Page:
[link to original Greek text] 38 Again, by introducing Archias the Arcadian to Eumenes, he caused him to be advanced to great dignity. And, as he was very liberal, caring very little for money, so he was the first to attend performances where seats were paid for, and he was above all eager to go to those of Archecrates and Callicrates, for which the fee was a gold piece. And he helped many people and collected subscriptions for them. Some one once borrowed his silver plate in order to entertain friends and never brought it back, but Arcesilaus did not ask him for it and pretended it had not been borrowed. Another version of the story is that he lent it on purpose, and, when it was returned, made the borrower a present of it because he was poor. He had property in Pitane from which his brother Pylades sent him supplies. Furthermore, Eumenes,  p417 the son of Philetaerus, furnished him with large sums, and for this reason Eumenes was the only one of the contemporary kings to whom he dedicated any of his works.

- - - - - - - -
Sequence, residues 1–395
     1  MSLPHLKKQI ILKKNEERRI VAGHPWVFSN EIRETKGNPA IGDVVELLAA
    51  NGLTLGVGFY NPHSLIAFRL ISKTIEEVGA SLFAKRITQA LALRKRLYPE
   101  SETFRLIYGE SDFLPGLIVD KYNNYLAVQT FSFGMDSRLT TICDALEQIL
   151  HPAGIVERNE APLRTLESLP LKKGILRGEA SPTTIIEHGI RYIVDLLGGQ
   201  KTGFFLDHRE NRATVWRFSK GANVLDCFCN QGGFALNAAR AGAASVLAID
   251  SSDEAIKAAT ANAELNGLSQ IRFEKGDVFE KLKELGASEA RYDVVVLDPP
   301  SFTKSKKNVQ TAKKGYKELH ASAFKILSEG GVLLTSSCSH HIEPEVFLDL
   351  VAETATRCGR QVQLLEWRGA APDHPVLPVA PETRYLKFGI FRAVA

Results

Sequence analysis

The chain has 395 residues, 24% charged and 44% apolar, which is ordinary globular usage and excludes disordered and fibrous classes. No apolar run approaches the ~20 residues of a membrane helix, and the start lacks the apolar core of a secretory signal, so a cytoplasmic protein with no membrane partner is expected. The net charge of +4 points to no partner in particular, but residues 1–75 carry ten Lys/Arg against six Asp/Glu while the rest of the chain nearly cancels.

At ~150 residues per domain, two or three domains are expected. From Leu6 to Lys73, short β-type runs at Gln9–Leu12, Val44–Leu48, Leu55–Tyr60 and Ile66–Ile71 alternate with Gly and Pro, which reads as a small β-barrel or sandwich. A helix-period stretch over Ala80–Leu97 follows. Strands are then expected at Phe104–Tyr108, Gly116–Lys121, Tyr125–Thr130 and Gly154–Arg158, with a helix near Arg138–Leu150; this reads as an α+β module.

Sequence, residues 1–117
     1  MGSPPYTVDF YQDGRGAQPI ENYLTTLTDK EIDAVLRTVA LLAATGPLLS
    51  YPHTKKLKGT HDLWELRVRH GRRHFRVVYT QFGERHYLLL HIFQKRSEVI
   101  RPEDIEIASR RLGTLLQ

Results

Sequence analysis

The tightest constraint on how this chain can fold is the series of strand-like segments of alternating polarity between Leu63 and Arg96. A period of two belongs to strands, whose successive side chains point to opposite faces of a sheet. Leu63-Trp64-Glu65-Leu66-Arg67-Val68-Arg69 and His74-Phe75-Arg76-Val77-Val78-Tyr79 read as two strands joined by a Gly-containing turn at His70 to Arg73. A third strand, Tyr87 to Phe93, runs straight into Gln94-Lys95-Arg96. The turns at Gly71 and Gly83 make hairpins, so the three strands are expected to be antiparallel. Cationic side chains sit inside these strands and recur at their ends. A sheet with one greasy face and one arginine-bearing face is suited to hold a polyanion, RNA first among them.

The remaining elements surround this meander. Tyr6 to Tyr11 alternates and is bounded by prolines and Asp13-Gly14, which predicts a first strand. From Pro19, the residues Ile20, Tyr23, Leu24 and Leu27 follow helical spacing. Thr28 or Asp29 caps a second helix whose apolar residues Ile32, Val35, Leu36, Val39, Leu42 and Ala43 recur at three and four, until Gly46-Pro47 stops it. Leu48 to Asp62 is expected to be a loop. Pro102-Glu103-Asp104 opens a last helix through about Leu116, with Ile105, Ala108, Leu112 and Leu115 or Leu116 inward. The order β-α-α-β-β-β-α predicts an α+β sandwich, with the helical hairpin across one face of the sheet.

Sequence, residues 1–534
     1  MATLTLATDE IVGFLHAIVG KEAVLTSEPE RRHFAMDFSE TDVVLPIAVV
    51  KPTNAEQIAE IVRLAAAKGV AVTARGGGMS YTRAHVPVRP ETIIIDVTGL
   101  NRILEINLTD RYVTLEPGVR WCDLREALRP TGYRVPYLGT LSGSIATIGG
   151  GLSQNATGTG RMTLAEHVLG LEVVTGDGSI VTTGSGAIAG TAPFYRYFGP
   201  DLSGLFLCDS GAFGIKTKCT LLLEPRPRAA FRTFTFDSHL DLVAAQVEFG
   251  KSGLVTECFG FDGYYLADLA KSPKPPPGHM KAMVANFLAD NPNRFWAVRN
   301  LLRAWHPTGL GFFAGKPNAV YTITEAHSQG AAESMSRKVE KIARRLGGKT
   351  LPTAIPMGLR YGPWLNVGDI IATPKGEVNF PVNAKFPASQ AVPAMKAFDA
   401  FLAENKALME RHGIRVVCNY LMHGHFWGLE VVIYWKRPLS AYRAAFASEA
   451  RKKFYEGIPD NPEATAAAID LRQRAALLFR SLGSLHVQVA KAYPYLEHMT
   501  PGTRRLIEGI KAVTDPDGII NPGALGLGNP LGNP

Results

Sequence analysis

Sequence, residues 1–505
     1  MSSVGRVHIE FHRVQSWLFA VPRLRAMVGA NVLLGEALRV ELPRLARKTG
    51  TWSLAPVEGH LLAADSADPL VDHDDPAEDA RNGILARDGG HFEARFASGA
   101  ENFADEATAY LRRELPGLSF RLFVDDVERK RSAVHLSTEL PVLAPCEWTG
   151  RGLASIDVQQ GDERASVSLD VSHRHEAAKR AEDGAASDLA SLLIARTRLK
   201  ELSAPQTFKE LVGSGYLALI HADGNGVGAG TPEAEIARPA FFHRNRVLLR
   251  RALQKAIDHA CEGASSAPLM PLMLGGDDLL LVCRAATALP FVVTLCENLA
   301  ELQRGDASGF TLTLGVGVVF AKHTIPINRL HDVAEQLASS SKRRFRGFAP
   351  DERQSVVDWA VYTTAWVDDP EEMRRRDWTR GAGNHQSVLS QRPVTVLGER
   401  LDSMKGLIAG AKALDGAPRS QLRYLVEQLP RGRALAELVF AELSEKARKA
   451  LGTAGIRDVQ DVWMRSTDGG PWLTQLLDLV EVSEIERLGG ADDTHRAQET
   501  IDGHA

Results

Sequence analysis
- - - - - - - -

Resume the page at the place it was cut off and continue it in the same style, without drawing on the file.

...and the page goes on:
[link to original Greek text] 39 And whereas many persons courted Antigonus and went to meet him, whenever he came to Athens, Arcesilaus remained at home, not wishing to thrust himself upon his acquaintance. He was on the best of terms with Hierocles, the commandant in Munichia and Piraeus, and at every festival would go down to see him. And though Hierocles joined in urging him to pay his respects to Antigonus, he was not prevailed upon, but, after going as far as the gates, turned back. And after the battle at sea,15 when many went to Antigonus or wrote him flattering letters, he held his peace. However, on behalf of his native city, he did go to Demetrias as envoy to Antigonus, but failed in his mission. He spent his time wholly in the Academy, shunning politics.